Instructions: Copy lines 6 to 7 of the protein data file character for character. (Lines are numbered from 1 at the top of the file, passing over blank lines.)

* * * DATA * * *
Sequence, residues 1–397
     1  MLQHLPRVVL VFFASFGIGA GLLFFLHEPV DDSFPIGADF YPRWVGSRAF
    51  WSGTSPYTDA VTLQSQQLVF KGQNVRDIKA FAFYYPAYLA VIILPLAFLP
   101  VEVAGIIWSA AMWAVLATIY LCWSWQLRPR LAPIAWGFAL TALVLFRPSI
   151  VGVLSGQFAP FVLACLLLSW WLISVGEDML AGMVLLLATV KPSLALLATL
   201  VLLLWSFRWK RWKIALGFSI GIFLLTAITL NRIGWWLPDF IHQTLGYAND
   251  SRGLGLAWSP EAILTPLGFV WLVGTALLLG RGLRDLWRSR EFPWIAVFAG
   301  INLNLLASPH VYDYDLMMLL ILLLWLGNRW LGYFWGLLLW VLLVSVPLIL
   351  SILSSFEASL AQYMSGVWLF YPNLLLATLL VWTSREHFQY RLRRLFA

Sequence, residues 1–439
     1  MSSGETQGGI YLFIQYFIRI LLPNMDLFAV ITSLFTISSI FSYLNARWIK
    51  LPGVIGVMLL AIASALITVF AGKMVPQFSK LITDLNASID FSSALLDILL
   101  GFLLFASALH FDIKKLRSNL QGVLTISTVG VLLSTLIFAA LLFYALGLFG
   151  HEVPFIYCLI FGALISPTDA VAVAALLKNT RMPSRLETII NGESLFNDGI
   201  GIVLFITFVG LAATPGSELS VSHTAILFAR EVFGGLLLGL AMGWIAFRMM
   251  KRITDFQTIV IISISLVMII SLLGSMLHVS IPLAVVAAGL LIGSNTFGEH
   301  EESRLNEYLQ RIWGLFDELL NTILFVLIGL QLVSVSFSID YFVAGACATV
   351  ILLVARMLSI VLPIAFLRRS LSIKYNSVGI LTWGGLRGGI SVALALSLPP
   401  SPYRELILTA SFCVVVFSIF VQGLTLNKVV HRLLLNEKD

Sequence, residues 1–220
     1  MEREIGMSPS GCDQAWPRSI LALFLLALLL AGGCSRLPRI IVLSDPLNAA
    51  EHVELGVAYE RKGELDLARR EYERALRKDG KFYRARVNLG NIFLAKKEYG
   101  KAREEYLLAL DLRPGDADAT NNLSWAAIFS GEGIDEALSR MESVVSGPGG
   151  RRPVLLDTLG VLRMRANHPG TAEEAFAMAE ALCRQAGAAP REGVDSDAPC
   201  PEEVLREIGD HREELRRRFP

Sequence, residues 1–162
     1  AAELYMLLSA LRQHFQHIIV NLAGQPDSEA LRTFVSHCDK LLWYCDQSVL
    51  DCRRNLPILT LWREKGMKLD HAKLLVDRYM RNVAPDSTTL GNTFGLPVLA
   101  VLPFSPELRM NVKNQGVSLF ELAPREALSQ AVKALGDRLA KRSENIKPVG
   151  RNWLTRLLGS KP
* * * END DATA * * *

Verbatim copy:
   201  VLLLWSFRWK RWKIALGFSI GIFLLTAITL NRIGWWLPDF IHQTLGYAND
   251  SRGLGLAWSP EAILTPLGFV WLVGTALLLG RGLRDLWRSR EFPWIAVFAG